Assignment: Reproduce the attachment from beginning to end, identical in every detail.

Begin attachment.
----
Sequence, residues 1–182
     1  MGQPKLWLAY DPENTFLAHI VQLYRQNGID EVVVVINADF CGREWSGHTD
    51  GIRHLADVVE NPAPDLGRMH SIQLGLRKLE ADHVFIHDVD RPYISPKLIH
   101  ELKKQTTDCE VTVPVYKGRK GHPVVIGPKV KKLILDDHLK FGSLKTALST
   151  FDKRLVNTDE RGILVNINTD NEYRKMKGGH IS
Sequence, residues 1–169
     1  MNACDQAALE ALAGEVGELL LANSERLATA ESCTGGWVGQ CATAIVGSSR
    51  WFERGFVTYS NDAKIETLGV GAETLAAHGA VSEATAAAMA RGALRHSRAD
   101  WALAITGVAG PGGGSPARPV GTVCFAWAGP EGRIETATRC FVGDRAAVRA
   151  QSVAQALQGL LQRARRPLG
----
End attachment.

Sequence, residues 1–182
     1  MGQPKLWLAY DPENTFLAHI VQLYRQNGID EVVVVINADF CGREWSGHTD
    51  GIRHLADVVE NPAPDLGRMH SIQLGLRKLE ADHVFIHDVD RPYISPKLIH
   101  ELKKQTTDCE VTVPVYKGRK GHPVVIGPKV KKLILDDHLK FGSLKTALST
   151  FDKRLVNTDE RGILVNINTD NEYRKMKGGH IS
Sequence, residues 1–169
     1  MNACDQAALE ALAGEVGELL LANSERLATA ESCTGGWVGQ CATAIVGSSR
    51  WFERGFVTYS NDAKIETLGV GAETLAAHGA VSEATAAAMA RGALRHSRAD
   101  WALAITGVAG PGGGSPARPV GTVCFAWAGP EGRIETATRC FVGDRAAVRA
   151  QSVAQALQGL LQRARRPLG